The original construction method of mamposteria and trapechai walls with ifil wood flooring, columns, window shutters, structural columns and metal roof, had seen modifications in its life time with the use of Philippine mahogany and incompatible cement.
The rehabilitation work undertaken by the Trust included replacing the entire roof, replacing the balcony and rotting segments of the floor boards and columns with an ifil species from the Philippines. Unfortunately, Guam does not currently have quantities of mature ifil wood for use as lumber.
The first floor limestone rubble walls, with each wall section about two feet thick, consisted of two parallel walls, filled with sand, shell and rubble. A limestone plaster mix was spread evenly on the wall’s surface. Of all the walls in the Lujan House, only the upper east wall needed to be reconstructed.
The second floor was constructed of limestone and ifil as well but with a different construction method. The limestone walls on the second floor have an infill ifil cross bracing embedded in each wall – serving the same means as contemporary rebar in cement. This method, called trapechai, allows for thinner walls on the second floor, some as thin as seven inches as compared to the two-foot thick walls on the lower floor.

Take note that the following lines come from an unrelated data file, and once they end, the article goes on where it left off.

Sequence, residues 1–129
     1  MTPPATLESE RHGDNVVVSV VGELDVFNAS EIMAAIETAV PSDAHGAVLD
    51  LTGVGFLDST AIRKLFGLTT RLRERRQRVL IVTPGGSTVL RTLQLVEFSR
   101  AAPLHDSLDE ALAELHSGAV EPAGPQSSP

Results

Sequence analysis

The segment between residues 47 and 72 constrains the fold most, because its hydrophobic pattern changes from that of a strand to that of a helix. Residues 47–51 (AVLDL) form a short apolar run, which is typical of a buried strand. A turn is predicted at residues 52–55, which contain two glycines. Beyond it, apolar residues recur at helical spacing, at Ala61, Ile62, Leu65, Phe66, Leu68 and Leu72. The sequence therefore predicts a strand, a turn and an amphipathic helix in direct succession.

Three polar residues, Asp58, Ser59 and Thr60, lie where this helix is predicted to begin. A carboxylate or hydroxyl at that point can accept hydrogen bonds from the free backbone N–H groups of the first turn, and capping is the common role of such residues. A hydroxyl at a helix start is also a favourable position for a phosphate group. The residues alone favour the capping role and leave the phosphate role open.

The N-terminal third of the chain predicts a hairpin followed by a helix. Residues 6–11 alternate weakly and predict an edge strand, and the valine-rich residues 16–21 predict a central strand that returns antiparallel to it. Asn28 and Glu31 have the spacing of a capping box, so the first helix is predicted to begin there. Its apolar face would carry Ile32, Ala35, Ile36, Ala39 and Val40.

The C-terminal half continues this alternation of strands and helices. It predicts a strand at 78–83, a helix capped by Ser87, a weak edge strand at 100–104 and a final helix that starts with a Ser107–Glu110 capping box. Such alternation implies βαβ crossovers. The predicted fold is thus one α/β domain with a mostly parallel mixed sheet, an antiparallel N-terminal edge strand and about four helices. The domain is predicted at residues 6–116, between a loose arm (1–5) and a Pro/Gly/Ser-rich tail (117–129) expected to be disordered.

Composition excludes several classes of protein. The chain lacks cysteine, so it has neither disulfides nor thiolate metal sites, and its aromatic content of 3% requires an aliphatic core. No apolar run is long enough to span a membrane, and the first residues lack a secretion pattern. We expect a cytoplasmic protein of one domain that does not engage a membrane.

The second floor demolition phase exposed only two original ifil structural columns needing to be replaced.
In the reflected second floor ceiling is evidence of a 1982 collaborative restoration project undertaken by the Lujan family heirs, the Department of Parks and Recreation and the Guam Women’s Club. This restoration work was overseen by local architects Jack B. Jones, FAIA, and Mark Ruth, AIA. The Philippine mahogany ceiling from this 1982 work was still salvageable and was reused.
The Trust designed and recreated a coral Santa Cruz Street directly in front of the house that used to be there before World War II. The devastation of the Japanese occupation and the severe bombing of historic Hagåtña from the American forces in their efforts to retake Guam left few homes in what was once the most populated village on Guam. Other than the occupation and bombing, the American Naval Administration’s efforts to restore Hagåtña included razing the entire village, bulldozing the debris into Hagåtña Bay and restructuring Hagåtña into city blocks that left land owners with fragmented lots. This restructuring of Hagåtña forced CHamoru’s to relocate to their outlying farm villages and saw the creation of many post World War II villages, such as Dededo, Barrigada and Yona.
The Lujan House is a testament to one of Guam’s best known CHamoru builders, designer and businessman – Jose Pangelinan Lujan.
For further reading
Guam Historic Resources Division, Parks and Recreation. (Accessed 15 June 2012)